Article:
Interlude: In Which the Previous Chapter Is Criticized

I stand behind the message of the previous chapter—the first lesson of optimization is, in fact, “Don’t optimize.” However! This strongly expressed point of view, alone among the many strongly expressed points in this book, prompted immediate dissent from a large subset of my teammates at Sucker Punch.

It’s only fair to give their well-reasoned objections a hearing! I now present the opposing points of view in the form of an imagined Socratic dialogue between me and the many dissenters, whom I’ve merged into a single character for dramatic purposes. They have all been given a chance to review this chapter to make sure their views are fairly represented.

The Dissenter: I formally lodge my disagreement with the premise of this chapter.1

Chris: I thought this chapter was just common sense. Didn’t you see the Knuth quote? “We should forget about small efficiencies, say about 97% of the time: premature optimization is the root of all evil!”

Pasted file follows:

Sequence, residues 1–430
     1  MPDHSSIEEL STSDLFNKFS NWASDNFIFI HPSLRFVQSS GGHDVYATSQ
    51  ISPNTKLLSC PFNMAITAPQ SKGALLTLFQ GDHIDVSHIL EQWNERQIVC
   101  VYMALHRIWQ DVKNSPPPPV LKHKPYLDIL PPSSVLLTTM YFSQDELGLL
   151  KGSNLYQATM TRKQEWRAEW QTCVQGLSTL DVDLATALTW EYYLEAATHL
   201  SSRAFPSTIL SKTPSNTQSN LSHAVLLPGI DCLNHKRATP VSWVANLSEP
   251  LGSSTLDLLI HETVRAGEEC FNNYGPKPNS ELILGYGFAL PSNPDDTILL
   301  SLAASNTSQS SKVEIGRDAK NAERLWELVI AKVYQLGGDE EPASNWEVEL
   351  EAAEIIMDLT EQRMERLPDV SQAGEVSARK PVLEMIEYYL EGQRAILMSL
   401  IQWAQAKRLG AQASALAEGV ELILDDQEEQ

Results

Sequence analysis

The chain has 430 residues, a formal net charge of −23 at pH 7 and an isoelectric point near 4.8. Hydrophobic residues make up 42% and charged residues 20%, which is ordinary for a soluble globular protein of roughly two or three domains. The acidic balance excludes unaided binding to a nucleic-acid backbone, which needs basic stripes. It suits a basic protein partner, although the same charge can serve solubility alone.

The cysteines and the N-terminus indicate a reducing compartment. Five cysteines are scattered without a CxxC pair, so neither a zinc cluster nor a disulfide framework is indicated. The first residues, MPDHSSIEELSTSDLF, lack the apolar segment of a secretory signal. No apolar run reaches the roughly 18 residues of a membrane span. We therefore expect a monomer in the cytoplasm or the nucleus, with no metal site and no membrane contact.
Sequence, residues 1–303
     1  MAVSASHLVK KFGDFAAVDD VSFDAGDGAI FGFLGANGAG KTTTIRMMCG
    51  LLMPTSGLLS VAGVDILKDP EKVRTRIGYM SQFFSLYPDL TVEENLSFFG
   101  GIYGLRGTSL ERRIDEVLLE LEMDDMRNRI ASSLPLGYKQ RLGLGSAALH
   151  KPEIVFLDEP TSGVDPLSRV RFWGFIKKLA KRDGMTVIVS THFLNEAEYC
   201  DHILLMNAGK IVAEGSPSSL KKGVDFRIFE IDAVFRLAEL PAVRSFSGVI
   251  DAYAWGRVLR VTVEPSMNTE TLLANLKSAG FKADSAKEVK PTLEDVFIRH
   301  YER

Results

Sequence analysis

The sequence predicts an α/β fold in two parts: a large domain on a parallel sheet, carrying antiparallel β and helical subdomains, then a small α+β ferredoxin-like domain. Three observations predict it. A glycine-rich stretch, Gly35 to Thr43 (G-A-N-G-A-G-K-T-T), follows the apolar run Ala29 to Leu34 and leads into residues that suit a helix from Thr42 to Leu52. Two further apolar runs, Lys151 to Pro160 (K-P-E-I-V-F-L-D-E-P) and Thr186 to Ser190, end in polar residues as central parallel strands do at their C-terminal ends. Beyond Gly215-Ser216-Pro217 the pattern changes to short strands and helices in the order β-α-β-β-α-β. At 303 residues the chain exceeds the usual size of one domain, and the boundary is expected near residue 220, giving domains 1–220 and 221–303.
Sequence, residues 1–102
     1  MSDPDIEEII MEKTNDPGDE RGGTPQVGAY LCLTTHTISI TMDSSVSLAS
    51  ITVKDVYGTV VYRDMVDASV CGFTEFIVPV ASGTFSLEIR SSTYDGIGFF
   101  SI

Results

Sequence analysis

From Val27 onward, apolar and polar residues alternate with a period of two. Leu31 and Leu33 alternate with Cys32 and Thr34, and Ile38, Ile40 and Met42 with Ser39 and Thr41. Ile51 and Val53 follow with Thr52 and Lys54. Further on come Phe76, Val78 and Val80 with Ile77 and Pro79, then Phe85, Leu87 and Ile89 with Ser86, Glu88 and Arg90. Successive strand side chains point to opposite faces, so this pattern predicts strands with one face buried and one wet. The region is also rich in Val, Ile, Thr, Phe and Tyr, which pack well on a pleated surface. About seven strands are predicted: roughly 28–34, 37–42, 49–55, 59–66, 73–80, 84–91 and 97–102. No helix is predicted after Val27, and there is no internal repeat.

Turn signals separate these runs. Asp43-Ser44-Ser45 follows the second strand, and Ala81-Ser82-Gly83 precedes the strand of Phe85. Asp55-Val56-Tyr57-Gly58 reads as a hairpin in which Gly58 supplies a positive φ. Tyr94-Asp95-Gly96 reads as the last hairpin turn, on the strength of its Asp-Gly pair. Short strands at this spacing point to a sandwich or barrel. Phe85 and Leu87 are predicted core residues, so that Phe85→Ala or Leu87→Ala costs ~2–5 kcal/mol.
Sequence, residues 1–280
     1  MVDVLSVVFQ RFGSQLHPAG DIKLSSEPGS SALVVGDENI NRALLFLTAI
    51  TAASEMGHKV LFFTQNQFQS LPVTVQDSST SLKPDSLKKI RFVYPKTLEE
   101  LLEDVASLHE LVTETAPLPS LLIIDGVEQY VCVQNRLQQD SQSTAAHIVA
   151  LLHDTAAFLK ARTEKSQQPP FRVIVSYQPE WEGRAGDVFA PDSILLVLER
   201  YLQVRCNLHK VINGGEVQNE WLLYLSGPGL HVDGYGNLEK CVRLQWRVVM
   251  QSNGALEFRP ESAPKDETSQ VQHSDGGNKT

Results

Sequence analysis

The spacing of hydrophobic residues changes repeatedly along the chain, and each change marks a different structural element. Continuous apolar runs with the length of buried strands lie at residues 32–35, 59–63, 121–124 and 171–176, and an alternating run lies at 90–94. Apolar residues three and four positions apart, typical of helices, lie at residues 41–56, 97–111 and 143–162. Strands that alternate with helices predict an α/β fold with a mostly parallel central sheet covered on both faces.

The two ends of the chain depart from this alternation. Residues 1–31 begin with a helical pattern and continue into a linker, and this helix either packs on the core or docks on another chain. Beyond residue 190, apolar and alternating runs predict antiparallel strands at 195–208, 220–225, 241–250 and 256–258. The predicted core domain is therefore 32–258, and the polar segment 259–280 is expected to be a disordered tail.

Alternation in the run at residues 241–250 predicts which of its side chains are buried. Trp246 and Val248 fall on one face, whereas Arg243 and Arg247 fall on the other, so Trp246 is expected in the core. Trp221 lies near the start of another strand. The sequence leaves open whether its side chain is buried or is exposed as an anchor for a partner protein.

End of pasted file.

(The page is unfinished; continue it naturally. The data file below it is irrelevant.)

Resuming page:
The Dissenter: That quote has been used to justify all sorts of code with atrocious performance, and you’re just encouraging more of it.

Chris: Wow. There’s an emotional undercurrent to that feedback. Perhaps that’s because you’ve had to spend too much time reworking other people’s code to fix performance problems that shouldn’t have been there to begin with? And also waiting for popular video games to boot?

The Dissenter: Yes. And yes.

Chris: And you work on performance-critical parts of our ...

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